Map of Texas Parks
This interactive map shows the Locations, Names, Area, and details of National Parks, State Parks, National Forests, National Grasslands, and Wildlife Management Areas in Texas. It also shows major cities and rivers for context. For more detail zoom in. For more information hover over the map, or scroll down.
|Park Manager Name|
|City||National Park Service||State Park|
|U.S. Forest Service||Fish and Wildlife Service||U.S. Army Corps of Engineers|
|County||State Fish and Wildlife||State Land Board|
Texas National Parks, State Parks, and Public Lands Map
This map attempts to summarize the different natural areas present in Texas. Since parks, forests, and wildlife areas are managed by different agencies, there were no maps compiling all these parks.
This Texas map has 13 National Parks, 119 State Parks and 80 Wildlife Management Areas, 4 U.S. National Forests, and 6 National Grasslands.
The size and shape of the parks have been exaggerated and slightly distorted to be more conspicuous, since many are very small.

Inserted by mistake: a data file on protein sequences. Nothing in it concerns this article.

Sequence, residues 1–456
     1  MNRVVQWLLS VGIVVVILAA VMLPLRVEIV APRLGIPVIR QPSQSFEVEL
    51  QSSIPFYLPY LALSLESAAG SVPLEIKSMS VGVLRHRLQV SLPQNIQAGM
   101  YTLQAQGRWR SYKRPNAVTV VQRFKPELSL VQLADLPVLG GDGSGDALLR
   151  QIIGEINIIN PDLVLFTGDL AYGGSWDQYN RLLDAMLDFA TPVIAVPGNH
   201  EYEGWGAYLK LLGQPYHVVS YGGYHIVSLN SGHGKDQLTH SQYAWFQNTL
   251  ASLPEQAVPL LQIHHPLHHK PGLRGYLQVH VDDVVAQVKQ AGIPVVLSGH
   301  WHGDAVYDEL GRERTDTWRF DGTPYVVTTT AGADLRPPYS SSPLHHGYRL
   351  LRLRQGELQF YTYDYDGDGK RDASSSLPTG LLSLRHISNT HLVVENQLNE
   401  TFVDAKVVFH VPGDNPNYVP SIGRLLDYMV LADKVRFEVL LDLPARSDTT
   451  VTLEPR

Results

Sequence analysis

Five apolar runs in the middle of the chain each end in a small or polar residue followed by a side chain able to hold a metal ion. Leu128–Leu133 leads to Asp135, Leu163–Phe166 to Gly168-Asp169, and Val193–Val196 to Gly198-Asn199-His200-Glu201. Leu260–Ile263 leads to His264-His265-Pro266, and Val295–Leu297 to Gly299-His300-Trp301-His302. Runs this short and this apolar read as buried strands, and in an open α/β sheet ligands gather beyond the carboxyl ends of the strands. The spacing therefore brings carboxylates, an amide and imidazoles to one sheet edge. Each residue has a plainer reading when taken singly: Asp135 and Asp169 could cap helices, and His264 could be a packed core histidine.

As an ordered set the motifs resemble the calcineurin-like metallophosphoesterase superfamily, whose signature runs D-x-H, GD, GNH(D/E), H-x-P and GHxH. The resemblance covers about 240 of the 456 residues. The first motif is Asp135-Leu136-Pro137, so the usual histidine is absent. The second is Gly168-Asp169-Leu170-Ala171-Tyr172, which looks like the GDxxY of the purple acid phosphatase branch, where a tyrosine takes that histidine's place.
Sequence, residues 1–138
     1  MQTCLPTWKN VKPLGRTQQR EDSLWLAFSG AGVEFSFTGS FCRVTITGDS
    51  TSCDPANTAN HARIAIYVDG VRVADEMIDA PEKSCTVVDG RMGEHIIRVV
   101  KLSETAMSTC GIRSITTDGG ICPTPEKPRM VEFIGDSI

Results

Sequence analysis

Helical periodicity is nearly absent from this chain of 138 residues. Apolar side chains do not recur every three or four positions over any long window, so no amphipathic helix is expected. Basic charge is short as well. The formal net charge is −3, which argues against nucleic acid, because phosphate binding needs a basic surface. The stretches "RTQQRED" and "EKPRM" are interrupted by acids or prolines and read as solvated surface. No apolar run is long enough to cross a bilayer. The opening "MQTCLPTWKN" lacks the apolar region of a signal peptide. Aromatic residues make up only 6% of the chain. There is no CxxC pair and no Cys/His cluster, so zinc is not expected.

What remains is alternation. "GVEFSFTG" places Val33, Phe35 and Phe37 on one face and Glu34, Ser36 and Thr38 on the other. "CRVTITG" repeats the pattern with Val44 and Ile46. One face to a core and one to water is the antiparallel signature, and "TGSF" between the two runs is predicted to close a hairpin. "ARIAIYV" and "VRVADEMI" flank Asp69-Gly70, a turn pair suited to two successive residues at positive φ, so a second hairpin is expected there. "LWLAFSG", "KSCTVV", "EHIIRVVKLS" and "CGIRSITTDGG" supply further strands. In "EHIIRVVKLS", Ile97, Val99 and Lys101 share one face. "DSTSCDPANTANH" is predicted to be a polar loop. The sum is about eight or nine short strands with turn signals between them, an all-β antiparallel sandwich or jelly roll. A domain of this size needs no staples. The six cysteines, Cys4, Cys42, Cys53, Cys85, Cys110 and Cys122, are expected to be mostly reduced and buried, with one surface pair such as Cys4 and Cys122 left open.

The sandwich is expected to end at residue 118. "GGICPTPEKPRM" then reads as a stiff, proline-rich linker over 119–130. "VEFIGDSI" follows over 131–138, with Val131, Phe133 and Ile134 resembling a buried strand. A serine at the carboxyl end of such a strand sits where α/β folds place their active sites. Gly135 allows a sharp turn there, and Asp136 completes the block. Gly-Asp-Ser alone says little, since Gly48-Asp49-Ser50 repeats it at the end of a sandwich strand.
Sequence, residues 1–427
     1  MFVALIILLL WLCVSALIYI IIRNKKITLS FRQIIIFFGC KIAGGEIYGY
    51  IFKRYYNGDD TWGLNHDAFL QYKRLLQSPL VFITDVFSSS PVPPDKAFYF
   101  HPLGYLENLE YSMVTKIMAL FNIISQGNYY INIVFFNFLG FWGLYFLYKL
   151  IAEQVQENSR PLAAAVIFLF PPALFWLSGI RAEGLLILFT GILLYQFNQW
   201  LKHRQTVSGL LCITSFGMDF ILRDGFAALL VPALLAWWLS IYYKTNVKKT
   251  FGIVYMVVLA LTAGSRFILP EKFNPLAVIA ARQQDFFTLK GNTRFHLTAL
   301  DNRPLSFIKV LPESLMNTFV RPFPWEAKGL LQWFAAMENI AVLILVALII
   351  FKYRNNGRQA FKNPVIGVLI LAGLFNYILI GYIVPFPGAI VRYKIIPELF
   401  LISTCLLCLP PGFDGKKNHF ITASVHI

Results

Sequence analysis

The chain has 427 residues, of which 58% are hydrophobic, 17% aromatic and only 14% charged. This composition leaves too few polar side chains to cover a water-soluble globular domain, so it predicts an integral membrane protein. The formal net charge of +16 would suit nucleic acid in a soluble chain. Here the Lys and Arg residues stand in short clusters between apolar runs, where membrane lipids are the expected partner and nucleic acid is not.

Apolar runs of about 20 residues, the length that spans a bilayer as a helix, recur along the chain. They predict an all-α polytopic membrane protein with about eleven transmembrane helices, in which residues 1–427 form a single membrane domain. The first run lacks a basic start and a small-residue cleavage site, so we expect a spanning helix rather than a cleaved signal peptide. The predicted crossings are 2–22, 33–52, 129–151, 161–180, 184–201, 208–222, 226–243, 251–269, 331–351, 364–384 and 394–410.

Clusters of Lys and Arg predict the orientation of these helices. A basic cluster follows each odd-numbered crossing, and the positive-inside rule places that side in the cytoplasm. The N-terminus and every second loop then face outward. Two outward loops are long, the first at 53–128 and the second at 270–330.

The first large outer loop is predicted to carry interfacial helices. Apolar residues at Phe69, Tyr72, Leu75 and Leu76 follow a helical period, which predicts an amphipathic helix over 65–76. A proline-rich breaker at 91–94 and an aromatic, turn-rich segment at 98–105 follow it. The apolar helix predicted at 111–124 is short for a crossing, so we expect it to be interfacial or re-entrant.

The features of each park and natural area, display many of the characteristics of Texas regions and their geology.
Most of the forests are in the East Texas region. This is because the water resources are more common to the east.
Many of the State parks are in Hill Country. This area has water resources, the widest variety of landscapes, and the most diverse topography, ideal for recreation.
Only 5% of Texas lands is Public hence the importance of highlighting areas for the use of the general public.
Fortunately the most scenic and beautiful landscapes have been preserved for the enjoyment of all.
National Parks are managed by the Federal Government, the Department of Interior to be precise. A National Park must showcase the natural or cultural themes of our nation’s heritage. In essence they are of great natural importance.
State Parks are managed by the state government. Upkeep and regulations vary depending on the state. State parks are closer to urban areas and have more amenities.
In the case of Texas they are smaller than other natural areas, and are managed by the State Parks division of the Texas Parks and Wildlife Management Department.